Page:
The Consumer Financial Protection Bureau (CFPB or Bureau) is doubling down on its goal of innovation. Today, the Bureau filed a notice in the Federal Register requesting comments on Tech Sprints “as a means to encourage regulatory innovation” and “developing viable solutions to regulatory compliance challenges.” The comment period, which opens tomorrow when the notice is published, will run until November 8, 2019.
The notice outlines the many different uses of technology in consumer finance, including within financial institutions, regulatory bodies, and interactions between the two. According to the Bureau,
The integration of technology and regulatory compliance has the potential to harness technological advances to reduce burden, improve results, and create greater efficiencies across financial markets that can ultimately reduce consumer costs. The expertise of vendors, regulated entities, academia, and community groups can help regulators understand the benefits and risks of such technology.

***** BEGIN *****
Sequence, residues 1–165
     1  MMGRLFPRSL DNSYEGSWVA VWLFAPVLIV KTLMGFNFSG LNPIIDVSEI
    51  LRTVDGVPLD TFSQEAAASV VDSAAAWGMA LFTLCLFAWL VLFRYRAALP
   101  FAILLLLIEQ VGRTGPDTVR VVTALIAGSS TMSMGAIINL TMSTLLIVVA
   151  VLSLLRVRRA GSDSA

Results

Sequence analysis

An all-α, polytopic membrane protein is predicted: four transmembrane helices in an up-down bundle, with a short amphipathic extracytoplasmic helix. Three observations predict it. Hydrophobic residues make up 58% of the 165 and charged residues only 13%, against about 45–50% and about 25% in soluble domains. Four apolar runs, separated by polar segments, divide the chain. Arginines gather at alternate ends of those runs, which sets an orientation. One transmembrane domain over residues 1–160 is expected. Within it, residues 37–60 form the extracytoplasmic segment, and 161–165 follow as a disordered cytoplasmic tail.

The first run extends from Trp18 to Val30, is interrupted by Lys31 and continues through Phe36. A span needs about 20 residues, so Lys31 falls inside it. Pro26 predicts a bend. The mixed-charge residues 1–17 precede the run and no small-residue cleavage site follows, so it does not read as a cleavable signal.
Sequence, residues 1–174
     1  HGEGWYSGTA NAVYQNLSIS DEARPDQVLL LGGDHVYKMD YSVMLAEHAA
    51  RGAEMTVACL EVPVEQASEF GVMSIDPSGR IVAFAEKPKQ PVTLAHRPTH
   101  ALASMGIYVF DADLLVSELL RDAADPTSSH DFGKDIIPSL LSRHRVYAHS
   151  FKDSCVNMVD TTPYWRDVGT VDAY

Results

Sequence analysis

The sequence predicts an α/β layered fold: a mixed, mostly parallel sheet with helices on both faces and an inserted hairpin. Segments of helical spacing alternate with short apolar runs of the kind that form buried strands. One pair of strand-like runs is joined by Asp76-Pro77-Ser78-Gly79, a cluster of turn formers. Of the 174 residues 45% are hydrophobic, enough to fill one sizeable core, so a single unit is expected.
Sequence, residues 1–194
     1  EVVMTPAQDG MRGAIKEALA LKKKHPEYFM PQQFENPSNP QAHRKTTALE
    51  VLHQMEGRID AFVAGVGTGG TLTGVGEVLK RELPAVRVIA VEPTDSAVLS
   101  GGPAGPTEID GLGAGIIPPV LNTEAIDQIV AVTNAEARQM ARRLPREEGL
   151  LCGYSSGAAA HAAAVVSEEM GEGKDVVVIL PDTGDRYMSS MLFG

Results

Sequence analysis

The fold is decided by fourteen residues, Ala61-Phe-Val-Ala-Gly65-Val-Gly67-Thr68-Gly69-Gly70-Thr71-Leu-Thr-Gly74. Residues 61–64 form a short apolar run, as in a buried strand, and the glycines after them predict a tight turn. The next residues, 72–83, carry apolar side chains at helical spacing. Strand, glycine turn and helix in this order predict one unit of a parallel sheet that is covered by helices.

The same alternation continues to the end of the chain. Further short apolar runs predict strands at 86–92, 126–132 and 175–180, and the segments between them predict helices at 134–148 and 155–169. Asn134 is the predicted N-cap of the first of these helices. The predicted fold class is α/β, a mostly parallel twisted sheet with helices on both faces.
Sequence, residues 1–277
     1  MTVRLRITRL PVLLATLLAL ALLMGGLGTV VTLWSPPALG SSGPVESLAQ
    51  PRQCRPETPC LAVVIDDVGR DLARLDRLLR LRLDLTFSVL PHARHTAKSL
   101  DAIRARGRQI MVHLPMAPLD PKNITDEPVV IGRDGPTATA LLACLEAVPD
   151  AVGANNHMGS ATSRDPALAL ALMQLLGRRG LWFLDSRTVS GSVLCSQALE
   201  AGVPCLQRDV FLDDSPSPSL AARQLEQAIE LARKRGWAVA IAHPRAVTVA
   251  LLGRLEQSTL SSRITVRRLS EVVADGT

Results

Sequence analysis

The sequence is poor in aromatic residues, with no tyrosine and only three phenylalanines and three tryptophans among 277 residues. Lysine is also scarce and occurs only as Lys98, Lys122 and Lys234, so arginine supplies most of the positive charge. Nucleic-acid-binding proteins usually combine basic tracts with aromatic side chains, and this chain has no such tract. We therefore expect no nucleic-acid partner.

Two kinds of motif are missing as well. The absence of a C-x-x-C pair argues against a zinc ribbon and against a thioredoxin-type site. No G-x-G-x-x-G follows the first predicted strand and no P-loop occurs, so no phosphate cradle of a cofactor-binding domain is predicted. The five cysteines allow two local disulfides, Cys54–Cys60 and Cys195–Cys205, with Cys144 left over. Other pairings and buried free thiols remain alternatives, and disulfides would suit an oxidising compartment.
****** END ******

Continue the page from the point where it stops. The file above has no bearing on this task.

The idea of Tech Sprints, which comes from a similar concept used in the United Kingdom and by other sectors of the U.S. federal government, brings stakeholders together and adds a competitive twist to solving regulatory or market issues. The Bureau’s Tech Sprints would involve small groups—containing expertise from all sides of the aisle—competing against each other for several days to “produce actionable ideas, write computer code, and present their solutions” to a specific assigned problem. In the end, the teams make presentations to a panel of judges, who select a winning solution that can later be further developed by the Bureau.
The notice lists specific comment requests from the Bureau.
As mentioned above, the Bureau is making strides toward innovation. The Tech Sprints comment request comes only a week after the Bureau announced its launch of the American Consumer Financial Innovation Network—a collaboration with state Attorneys General to promote innovation in the financial sector—and issued its first No Action Letter under its new No Action Letter Policy. For the debt collection industry, the Bureau also demonstrated its commitment to innovation and technology through certain aspects of its proposed rules for third-party debt collection, for which the comment period closes this week.